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Nightmare Fuel / Holes

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  • The description of Zero's dehydrated face in the book, especially when it's compared to a jack o'lantern. Not to forget the drooping eyes and mouth bit. Yikes.
  • The Yellow Spotted Lizards. Just one bite from them ensures a slow and painful death. Some kids were so frightened by the initial description of the lizards that they put the book down and stopped reading after the first page.
    • The Film of the Book has Stanley have a close encounter with one when he discovers one crawling up the shower wall behind him. The thing hisses at him and begins chasing him, but just as it leaps toward Stanley, Mr. Sir shoots it dead. It's the only Pet the Dog moment that Mr. Sir has.
    • The way Kate Barlow dies after being bitten by one of them, oh God, the way she dies.
      Kate Barlow died laughing.
    • It's made worse in the film. She pretty much commits suicide by picking up the lizard and putting her arm to its mouth. She gives off a pitiful laugh as Trout and his new lover look in complete horror and confusion at why she did it and slowly walk away from her dying body. The final shot is literally an aerial view of her lying dead, with a gape-open expression.
  • The Warden, Mr. Sir, and Pendanski were willing to let the lizards bite Stanley and Zero. And after they realize that the lizards won't bite them, consider shooting them.
  • The scratch scar Mr. Sir gets from The Warden is quite creepy. The reason it appeared after he got scratched was because The Warden puts rattlesnake venom in her nail polish.
    • The actual scene where she scratches him is extremely creepy, too. After a beat, Mr. Sir falls to the floor and starts twitching and screaming in pain. Stanley can only watch awkwardly and is very unnerved by the whole thing, and thinks to himself that if he just ignores it, maybe he can pretend it didn't happen.
    • The next morning, Mr. Sir's face is still swollen. When another kid asks what happened, Mr. Sir loses it and proceeds to choke the boy for a few seconds.
  • Sam's lynching. It's not really elaborated on, but the implications of the time are horrific. In both the book and the film, he gets shot by Trout in his boat; in the former, Kate had convinced him to run before he could be killed, but in the latter, it seemed he was unaware that Trout wanted him dead.
    • In the film, Katherine goes to the sheriff and tries to tell him that she is just as responsible for that kiss. When the sheriff says it's not illegal for her to kiss him, just for him to kiss her, there's the horrifying realization there is nothing she can do to stop this. In the movie, Trout's mob burns Kate's farmhouse and even murder Sam's poor donkey.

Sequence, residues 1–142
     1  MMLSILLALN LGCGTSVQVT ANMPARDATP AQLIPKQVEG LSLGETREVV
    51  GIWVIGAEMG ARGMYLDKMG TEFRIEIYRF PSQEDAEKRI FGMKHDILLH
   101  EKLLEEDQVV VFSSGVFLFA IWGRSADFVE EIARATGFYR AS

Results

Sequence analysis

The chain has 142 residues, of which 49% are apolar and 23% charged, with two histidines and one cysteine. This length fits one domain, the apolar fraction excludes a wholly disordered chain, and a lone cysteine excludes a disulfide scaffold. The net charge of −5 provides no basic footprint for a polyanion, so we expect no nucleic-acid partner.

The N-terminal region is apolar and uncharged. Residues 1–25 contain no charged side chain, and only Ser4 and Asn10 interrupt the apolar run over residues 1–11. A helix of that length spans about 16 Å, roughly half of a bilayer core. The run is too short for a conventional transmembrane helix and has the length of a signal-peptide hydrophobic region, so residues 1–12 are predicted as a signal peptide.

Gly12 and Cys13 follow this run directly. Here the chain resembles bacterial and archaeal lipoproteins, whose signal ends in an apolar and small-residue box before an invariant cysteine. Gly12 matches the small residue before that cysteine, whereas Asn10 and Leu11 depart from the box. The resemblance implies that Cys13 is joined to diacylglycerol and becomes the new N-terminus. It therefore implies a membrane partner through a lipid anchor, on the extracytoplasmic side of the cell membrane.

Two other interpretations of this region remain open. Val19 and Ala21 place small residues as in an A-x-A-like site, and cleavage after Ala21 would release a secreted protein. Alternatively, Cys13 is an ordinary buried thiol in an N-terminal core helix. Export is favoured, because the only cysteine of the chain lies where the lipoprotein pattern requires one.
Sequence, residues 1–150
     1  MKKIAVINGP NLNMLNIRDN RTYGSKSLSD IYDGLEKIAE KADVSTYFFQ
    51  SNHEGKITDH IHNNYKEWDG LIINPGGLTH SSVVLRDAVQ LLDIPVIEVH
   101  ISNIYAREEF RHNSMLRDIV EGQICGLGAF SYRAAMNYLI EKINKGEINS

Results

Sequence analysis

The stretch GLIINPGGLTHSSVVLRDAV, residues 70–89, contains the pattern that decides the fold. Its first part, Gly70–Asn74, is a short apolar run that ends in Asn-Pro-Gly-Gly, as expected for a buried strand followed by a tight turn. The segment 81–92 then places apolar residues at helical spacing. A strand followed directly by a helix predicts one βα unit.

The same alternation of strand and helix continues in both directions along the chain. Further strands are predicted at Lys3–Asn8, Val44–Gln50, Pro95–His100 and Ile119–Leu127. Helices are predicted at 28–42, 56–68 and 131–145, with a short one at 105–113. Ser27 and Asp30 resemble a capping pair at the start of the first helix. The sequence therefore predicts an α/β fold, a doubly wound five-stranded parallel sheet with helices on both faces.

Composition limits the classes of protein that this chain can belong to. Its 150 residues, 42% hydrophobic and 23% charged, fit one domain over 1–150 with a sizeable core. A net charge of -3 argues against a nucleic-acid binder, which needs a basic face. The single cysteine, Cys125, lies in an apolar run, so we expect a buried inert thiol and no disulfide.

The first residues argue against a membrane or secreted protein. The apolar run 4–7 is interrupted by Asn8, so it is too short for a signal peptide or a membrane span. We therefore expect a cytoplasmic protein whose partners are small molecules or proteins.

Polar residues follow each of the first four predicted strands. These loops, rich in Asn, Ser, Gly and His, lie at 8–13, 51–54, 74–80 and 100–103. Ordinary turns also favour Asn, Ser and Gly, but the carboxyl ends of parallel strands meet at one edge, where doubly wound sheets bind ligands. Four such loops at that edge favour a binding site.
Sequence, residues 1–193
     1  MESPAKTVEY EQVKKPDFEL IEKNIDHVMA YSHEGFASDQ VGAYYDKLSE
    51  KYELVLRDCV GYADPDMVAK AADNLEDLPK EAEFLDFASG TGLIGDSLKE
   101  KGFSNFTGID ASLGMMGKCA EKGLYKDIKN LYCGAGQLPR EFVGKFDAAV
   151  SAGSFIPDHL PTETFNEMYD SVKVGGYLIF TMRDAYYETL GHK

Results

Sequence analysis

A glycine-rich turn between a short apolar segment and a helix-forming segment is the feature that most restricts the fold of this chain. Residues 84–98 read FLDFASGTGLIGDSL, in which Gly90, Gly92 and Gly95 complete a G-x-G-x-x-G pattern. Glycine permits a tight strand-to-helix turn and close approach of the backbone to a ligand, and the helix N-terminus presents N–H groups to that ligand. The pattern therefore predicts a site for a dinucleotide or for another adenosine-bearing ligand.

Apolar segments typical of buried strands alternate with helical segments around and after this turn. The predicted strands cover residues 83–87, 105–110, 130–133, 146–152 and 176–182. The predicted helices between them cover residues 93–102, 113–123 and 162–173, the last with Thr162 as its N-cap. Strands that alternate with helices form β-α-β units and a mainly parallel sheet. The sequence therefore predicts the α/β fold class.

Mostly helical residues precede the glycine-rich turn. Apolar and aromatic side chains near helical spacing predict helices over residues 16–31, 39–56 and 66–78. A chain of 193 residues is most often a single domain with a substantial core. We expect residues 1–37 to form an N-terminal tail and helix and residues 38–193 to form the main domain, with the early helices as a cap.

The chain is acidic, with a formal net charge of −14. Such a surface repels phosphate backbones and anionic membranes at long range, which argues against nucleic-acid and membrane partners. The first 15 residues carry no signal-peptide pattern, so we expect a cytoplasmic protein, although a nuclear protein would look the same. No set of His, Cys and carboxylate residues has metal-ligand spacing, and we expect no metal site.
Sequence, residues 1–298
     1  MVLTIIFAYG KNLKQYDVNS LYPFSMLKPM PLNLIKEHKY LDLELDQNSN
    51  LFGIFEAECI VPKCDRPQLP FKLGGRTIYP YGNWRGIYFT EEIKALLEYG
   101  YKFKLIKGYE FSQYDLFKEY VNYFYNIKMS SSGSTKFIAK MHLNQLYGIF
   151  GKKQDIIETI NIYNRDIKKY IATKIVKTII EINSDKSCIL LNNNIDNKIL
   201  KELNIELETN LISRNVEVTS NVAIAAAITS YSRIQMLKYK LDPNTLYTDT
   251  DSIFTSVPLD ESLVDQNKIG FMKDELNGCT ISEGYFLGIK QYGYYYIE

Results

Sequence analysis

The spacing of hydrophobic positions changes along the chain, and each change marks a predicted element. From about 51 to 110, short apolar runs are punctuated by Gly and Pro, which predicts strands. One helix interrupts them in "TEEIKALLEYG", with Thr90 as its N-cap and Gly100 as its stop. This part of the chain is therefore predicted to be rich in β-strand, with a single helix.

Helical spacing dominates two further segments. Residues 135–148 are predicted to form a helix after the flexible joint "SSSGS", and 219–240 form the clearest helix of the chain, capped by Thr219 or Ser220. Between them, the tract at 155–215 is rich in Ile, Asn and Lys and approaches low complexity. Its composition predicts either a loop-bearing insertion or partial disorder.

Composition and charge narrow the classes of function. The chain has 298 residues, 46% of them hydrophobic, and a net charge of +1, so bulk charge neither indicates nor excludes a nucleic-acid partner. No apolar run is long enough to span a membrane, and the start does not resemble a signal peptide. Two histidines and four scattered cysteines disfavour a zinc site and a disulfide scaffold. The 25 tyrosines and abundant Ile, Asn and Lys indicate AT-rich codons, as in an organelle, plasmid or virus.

• Even more horrifying; that was Truth in Television: there was a time in America when a mob could destroy your home, your family, and even kill you and get away with it all because of the color of your skin. Still, getting shot and killed instantly is a more merciful death than a bunch of neighbors packing a picnic basket to watch you get hung and strung off a tree.
  • The sheriff ultimately deserved it, but Kate asking, "You still want that kiss?" and then shooting him in the head, before kissing him is utterly terrifying, as the prison cell inmates in the film can attest.
  • The entire premise of Camp Green Lake. You're sent there as an alternative to juvenile hall. It is in a desert that has no green and a dried-up lake. Your task is to dig a hole with a diameter as wide as the length of your shovel, every day, while being watched over by abusive staff, with water at a premium, both for drinking and for showering.
    • The fact that the place was so hellish that Barf Bag was willing to deliberately get himself bit by a rattlesnake just so he wouldn't have to put up with it anymore.
      • In the film, Barf Bag's rattlesnake gambit is actually shown rather than just described in brief after the fact; the other kids see what Barf Bag is about to do and all yell for him to stop.
      • The lack of care the adults show for the wellbeing of the kids, and Pendanski's hesitation when telling them he's still in the hospital, is a heavy implication that Barf Bag is in fact buried in one of those holes. "Stanley Yelnats' Survival Guide To Camp Green Lake" claims he lived, but that's dubiously canon since in it the camp wasn't shut down.
      • The fact that Camp Green Lake remained not only open but also consistently filled to capacity edges into this (especially in the film, where it's explicitly stated that at least one member of the staff has a criminal record of his own and another had falsified credentials). At the very least, someone massively dropped the ball on making sure the camp was up to even minimum standards, and it raises the possibility that someone somewhere along the line was aware of the conditions and did nothing about it, either because they were paid off (a la "kids for cash") or because they just didn't care, or even approved of it (thinking it would teach the kids who got sent there a lesson/that they deserved it).
        Vacancies don't last long at Camp Green Lake.